The concept that chiropractors can perform physical therapy is almost unknown; chiropractors can perform and bill for physical therapy depending on passing of the appropriate board examination. Some chiropractic schools do not focus on physical therapy as part of their curriculum, and in doing so, those students and graduate doctors are not capable of billing for physical therapy. A state's allowed scope of practice can often influence a school's opinion on providing this type of education. Some chiropractic schools do not offer education in physical therapy because surrounding states' scopes of practice do not allow chiropractors to bill physical therapy to insurance companies and therefore that school unfortunately does not teach physical therapy.
Consistent research identifies that when chiropractic and physical therapy are performed together, results are better than either approach alone. More and more students graduating from each program are starting to encompass curriculum from the other's respective field. Many physical therapy programs are starting to incorporate one or two adjusting classes into their programs; while some chiropractic programs are providing more evidence-informed physical therapy approaches. For instance, Cleveland Chiropractic College recently hosted a seminar for world-renowned physical therapy approach known as McKenzie – commonly referred to as MDT or Mechanical Diagnosis Technique.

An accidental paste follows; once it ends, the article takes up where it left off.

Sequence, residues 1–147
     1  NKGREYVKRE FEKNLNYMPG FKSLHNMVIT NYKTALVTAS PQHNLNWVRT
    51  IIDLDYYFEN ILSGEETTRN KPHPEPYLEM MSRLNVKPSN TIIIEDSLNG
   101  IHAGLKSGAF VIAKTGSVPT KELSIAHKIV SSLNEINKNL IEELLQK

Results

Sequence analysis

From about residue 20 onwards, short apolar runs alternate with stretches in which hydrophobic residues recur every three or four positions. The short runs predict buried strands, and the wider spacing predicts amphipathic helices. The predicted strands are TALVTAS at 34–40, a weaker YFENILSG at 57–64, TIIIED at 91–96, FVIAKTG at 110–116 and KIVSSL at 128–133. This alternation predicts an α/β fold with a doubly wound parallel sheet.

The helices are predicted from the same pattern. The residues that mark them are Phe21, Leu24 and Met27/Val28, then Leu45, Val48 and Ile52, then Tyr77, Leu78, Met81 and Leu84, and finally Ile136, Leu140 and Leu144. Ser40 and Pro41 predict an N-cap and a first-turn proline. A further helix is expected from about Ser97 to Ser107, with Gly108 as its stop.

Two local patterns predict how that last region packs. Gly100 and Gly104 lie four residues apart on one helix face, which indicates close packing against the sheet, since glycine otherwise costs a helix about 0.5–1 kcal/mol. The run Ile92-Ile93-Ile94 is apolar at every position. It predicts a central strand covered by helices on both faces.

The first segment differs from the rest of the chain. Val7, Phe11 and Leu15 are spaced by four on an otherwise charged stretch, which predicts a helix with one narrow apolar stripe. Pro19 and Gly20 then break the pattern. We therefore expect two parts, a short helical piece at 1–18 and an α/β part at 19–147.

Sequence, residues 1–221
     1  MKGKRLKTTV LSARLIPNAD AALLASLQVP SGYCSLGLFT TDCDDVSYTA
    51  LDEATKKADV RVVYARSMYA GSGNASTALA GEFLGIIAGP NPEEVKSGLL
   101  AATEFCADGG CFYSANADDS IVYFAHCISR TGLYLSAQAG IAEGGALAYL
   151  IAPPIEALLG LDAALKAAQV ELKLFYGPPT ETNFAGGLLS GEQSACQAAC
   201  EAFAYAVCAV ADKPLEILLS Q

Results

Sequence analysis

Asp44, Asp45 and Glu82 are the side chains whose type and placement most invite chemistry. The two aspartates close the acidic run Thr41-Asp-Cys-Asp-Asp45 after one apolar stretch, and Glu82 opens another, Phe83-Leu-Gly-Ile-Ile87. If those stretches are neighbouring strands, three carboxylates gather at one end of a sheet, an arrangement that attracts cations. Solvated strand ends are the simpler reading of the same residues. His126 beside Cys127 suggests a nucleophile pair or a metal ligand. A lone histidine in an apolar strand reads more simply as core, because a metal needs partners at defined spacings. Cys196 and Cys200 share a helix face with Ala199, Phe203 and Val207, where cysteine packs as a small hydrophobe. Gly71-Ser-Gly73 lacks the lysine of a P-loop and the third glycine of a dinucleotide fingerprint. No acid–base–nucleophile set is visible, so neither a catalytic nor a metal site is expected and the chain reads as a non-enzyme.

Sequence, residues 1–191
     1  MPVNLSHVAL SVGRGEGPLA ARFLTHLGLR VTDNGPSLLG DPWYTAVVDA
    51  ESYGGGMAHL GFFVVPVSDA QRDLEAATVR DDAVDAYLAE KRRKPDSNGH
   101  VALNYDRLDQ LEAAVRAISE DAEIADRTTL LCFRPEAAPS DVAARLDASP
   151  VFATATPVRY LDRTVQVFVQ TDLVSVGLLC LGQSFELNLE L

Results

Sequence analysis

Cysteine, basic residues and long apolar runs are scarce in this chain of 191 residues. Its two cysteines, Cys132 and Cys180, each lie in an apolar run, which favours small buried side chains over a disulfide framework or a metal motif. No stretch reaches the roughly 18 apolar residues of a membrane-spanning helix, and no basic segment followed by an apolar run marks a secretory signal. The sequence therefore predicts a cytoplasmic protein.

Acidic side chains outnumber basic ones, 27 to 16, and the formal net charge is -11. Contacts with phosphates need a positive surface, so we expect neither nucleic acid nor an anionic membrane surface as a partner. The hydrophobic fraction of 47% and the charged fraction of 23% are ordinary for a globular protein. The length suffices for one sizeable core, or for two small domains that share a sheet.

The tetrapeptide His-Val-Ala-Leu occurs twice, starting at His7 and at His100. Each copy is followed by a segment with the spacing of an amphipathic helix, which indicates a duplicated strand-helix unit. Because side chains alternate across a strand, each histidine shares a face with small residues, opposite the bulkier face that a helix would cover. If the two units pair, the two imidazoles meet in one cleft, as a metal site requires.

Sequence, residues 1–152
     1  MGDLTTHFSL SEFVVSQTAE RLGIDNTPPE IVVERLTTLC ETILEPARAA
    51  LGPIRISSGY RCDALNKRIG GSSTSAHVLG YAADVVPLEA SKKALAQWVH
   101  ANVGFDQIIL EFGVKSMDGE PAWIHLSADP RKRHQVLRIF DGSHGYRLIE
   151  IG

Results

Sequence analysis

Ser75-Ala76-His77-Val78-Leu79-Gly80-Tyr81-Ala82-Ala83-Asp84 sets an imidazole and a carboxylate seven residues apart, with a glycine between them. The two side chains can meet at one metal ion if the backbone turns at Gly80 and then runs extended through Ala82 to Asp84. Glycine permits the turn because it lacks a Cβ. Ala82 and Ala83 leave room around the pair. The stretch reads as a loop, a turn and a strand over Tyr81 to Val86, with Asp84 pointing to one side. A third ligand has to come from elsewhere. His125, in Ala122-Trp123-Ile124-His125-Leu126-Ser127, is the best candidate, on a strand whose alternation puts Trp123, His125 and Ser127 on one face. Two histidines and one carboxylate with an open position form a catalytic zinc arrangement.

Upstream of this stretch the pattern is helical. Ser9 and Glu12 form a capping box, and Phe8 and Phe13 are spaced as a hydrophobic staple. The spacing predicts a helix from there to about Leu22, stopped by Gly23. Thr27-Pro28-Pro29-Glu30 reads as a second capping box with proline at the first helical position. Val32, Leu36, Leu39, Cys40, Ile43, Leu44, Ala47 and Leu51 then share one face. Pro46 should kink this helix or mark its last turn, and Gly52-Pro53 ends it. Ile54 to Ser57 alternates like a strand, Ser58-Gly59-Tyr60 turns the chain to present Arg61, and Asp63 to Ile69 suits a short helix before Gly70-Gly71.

With the evolution of healthcare and research, more disciplines are starting to merge into one approach. For us, we utilize a wide array of approaches across multiple disciplines to produce a better result – faster. Some practitioners, with these blurring lines, are seeking a more comprehensive title that suits their more encompassing approaches such as "manual therapist", "movement specialist", etc. I do not know where this line will be drawn or if it ever will. However, we do know the lines are blurring with each respective program encompassing skill sets that are typically associated within the other's wheelhouse.
With more and more "functional" or non-traditional chiropractors graduating, who are incorporating physical therapy into their chiropractic philosophy and style, the blurred line will only widen. I believe this is a better approach than either alone, and I know I am not alone with support coming from both sides.
There are many causes to pain and the "dysfunction" driving the pain. It is not a simple one-to-one ratio. I am here to tell you, adjusting is not always the answer and physical therapy is not always the answer. The manifestation of pain is a very complex, and often times an overlapping assortment of biological, psychological, social, and emotional, etc. hindrances. These need to be addressed to ultimately reduce and eliminate the symptoms of pain, and to create an environment in which a person goes from pain to thriving in life.
The "current" chiropractic model is constantly changing, with many chiropractors and physical therapists pushing forward for a more dynamic and unique approach. The days of conflict between approaches are changing. Hopefully soon, people will no longer know the difference between professions but only know better results.
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